Valuations are likely to matter more going forward, according to John Linehan, Portfolio Manager, US Large-Cap Equity Income Strategy and Chief Investment Officer, T. Rowe Price.
“Having a balance to the portfolio and having both growth and value represented in the portfolio is probably the best path forward,” he said at the T. Rowe Price’s 40th annual global market outlook press briefing.
Rising inflation and monetary tightening globally, coupled with higher bond yields, have been the key factors driving down equity markets, with most major indices near or at bear market levels.
Lineman said that after entering the year with valuations near 20-year highs, most major equity benchmarks are trading below their 20-year averages.
Longer-term, interest rates and inflation are likely to remain higher than levels we have seen over the past decade as de-globalization, onshoring, and increasing geopolitical risks create structural changes in the global economy.
The next decade of equity market leadership, following the last ten years of dominance by growth companies, is likely to be broader and may favor companies with shorter-duration cash flows, including value stocks, according to Linehan.
He argued that almost all the all the downside that we’ve seen over the last year has been a function of multiple compression, rather than earnings.
“As a result of the multiple compression we’ve now entered the fourth bear market of this century. We’ve seen the longest bear bull market in the history of the markets,” Linehan said.
He compared bear markets to “Tolstoy’s unhappy families”, saying that “no two are alike”.
“We have to throw conventional wisdom out the window when we think about what the markets going to do over the course of the next year,” he said.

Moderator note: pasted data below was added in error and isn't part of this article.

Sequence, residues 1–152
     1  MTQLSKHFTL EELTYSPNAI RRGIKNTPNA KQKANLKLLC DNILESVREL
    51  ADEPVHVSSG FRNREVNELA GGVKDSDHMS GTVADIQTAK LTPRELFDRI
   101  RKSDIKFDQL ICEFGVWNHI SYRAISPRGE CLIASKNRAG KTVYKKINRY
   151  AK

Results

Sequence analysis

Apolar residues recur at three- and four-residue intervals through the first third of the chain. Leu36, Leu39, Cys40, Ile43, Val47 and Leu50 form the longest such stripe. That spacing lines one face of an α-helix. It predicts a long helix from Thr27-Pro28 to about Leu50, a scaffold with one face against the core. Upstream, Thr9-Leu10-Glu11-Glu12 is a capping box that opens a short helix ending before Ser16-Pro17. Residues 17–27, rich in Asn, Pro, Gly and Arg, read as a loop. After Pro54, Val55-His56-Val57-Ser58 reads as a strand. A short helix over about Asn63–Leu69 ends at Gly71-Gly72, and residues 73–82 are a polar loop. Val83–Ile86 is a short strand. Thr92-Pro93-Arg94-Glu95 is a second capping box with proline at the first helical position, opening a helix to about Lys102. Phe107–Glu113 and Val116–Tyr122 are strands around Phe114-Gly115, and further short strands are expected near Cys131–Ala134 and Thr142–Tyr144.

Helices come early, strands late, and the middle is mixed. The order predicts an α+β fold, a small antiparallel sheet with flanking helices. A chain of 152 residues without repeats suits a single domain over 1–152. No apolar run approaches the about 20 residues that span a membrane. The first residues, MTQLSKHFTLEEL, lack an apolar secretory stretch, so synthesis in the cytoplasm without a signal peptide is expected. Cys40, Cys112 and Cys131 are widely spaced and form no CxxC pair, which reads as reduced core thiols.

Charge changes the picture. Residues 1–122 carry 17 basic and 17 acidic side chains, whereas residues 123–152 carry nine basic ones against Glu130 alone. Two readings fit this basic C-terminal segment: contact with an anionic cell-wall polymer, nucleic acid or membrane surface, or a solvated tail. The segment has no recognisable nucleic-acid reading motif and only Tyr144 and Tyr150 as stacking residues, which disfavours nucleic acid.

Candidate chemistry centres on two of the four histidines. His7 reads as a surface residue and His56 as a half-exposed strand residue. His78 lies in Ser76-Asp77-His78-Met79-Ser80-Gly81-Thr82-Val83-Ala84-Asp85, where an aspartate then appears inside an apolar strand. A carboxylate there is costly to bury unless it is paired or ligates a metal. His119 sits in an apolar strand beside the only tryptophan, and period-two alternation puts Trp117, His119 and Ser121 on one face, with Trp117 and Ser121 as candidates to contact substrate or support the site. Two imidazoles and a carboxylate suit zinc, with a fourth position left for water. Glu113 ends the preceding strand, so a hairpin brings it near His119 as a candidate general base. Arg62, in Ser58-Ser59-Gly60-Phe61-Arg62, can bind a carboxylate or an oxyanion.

According to Linehan, the expectations are far more sober today than they were a year ago: “The expectations for growth are still significantly higher than average.”
Linehan expects more volatility next year as interest rates and inflation remain high and the severity of any recession emerges as a key driver of market performance.
Lineman said that balance of risks suggests that caution is warranted.
“We believe that the market will continue to be volatile until the question is answered around the virulence of inflation,” he stressed.
The severity of any recession will be a key driver of market performance next year, he added.
Sebastien Page, Chief Investment Officer and Head of Global MultiAsset, the division that manages about 30 percent of T. Rowe Price’s $1.23 trillion in assets under management, added that the team is defensively positioned given sticky inflation, a potential economic growth shock, and liquidity withdrawals by some market participants
During the press briefing, Page said that valuations for stocks still appear expensive and earnings expectations look too optimistic.
“There is an opportunity to be selectively contrarian. We’re at a critical time in capital markets history. We’re going from a very long period of low inflation, declining rates to something that is going to look and feel different.”
“This transition needs to be managed carefully, both from a tactical perspective but also in terms of portfolio construction,” he stressed.